Candlelight vigils will be held in Edmonton and Calgary Monday evening for people to show their opposition to the potential Kinder Morgan TransMountain pipeline expansion.
The federal government is expected to make a decision regarding the controversial pipeline by mid-December but stakeholders expect it could come as early as Nov. 22.
Greenpeace said more than 30 municipalities will hold candlelight vigils Monday night, urging the federal government to reject the proposal.
In Edmonton, the event will take place at the Alberta legislature at 4:30 p.m. In Calgary, it will be held at Olympic Plaza at 5 p.m.
“The pipeline begins in Sherwood Park and it is important for us to show that people at the source stand with the over 22 municipalities and 59 First Nations that oppose this pipeline,” Edmonton event co-ordinator, Hannah Gelderman, said.
“We are ready to transition to a sustainable, justice-based, low carbon economy. We need to respect indigenous rights and keep our climate promises.”
Greenpeace has also launched an online petition to voice opposition to the Kinder Morgan and Energy East pipelines.
The Alberta government has stressed it is imperative infrastructure is created to get resources to market.
In fact, Premier Rachel Notley said her NDP government will not support the federal government’s climate change plan without serious progress on pipeline approval.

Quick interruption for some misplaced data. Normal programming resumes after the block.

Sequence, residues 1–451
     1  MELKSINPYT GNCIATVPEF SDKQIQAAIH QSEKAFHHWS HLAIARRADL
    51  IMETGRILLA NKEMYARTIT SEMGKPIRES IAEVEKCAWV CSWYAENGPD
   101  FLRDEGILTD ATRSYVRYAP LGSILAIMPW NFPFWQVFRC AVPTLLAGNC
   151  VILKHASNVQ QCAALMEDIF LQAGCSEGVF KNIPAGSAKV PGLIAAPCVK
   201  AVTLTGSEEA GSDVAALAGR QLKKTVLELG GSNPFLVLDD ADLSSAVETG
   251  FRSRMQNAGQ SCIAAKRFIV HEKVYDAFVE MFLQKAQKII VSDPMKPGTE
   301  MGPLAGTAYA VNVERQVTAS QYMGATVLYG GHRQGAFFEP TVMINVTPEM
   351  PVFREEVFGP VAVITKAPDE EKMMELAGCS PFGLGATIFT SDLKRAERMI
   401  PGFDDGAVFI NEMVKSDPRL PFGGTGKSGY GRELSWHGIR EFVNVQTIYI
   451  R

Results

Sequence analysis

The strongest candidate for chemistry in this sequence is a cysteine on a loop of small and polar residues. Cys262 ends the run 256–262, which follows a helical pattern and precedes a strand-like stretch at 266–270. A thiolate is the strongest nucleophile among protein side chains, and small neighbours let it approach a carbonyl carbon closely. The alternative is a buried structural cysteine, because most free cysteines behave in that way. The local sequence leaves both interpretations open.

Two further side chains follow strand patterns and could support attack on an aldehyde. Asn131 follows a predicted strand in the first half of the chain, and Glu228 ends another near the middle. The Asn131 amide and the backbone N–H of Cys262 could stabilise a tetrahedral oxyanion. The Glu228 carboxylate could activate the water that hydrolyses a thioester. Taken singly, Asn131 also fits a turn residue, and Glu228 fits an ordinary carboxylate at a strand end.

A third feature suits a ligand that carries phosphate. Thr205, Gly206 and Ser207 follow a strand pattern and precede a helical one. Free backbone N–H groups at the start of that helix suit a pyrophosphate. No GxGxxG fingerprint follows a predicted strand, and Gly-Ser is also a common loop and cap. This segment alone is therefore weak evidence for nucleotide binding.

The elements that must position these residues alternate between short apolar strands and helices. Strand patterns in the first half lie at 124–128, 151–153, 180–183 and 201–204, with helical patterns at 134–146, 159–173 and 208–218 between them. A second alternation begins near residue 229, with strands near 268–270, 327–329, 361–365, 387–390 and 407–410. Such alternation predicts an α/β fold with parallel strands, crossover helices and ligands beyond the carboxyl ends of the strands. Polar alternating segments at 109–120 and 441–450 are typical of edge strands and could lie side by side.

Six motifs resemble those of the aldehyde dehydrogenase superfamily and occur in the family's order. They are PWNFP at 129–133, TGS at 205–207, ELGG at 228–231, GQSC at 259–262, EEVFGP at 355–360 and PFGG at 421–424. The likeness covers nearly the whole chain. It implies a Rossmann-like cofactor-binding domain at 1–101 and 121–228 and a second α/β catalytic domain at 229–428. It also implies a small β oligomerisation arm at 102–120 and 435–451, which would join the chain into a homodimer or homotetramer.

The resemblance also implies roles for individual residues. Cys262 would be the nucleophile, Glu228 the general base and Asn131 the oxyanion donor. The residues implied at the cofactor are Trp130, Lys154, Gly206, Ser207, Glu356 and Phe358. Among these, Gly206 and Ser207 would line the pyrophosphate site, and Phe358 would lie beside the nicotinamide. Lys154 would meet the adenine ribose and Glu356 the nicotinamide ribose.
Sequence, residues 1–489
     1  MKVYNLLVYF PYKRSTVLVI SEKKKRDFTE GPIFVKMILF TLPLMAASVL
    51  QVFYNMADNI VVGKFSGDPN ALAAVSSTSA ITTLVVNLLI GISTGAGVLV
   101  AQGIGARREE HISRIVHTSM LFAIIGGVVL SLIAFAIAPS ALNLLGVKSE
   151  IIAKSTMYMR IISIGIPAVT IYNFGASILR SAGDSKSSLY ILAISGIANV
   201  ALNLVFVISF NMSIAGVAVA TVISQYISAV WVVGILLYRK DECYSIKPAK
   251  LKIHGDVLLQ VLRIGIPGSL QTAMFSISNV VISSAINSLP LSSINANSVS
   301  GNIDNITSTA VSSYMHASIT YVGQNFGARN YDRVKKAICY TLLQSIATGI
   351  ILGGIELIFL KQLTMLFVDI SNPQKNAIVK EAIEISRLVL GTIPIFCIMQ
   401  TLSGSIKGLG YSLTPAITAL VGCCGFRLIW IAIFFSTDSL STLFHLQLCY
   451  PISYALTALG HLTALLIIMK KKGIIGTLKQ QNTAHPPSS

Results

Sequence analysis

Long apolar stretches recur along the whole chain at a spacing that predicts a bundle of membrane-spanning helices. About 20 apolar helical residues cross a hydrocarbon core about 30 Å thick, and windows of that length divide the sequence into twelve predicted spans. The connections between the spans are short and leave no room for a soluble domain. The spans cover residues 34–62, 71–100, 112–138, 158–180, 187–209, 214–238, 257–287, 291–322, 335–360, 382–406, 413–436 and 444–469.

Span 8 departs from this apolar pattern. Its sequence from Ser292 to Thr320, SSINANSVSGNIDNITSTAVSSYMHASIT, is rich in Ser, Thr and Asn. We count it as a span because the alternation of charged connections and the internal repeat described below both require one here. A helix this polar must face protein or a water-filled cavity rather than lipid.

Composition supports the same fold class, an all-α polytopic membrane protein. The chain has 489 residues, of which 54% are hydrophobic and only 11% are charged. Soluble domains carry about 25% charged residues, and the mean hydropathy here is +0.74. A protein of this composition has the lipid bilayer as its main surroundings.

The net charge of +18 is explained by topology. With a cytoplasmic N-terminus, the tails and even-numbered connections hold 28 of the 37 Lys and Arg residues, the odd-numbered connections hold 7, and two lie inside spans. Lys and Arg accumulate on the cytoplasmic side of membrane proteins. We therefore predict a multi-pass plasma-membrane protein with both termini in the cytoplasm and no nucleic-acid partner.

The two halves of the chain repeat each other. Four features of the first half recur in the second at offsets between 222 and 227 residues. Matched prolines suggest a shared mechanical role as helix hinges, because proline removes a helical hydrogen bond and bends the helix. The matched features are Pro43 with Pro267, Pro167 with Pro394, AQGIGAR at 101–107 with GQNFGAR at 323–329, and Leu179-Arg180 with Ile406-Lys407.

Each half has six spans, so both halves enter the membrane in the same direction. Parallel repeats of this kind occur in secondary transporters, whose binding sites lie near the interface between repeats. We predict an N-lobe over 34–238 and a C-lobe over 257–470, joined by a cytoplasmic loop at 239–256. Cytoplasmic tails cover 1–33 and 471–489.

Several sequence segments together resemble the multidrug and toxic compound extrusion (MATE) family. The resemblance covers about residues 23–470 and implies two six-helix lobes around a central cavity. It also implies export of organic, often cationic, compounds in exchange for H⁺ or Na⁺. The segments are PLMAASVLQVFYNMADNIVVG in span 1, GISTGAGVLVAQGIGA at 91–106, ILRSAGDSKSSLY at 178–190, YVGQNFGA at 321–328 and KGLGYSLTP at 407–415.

Alberta’s environment minister said her government would be willing to talk to Ottawa about a federal price on carbon of up to $50 a tonne if the Kinder Morgan Trans Mountain pipeline expansion is approved.
“Kinder Morgan will ensure that we realize many of the economic benefits of economic access,” Shannon Phillips told Global News in an interview.
“Of course more is better, but that is the one we have in the regulatory queue right now and that is the one project that we are looking to the federal government to resolve.”
The Trans Mountain expansion would create a twinned pipeline to carry oil from Strathcona County in Alberta to Burnaby, B.C. The expansion would triple the pipeline’s capacity from 300,000 barrels per day to 890,000 barrels per day.
The expansion has faced political opposition in B.C. from the provincial government and Vancouver Mayor Gregor Robertson, along with indigenous groups in the province. They are concerned about coastal oil spills and increased tanker traffic.
The National Energy Board approved the pipeline expansion back in May, attaching 157 conditions. A final decision now rests with the federal government, and specifically cabinet. The deadline for that decision is Dec. 19.
The project has an estimated cost of $6.8 billion.
With files from Vassy Kapelos, Global News
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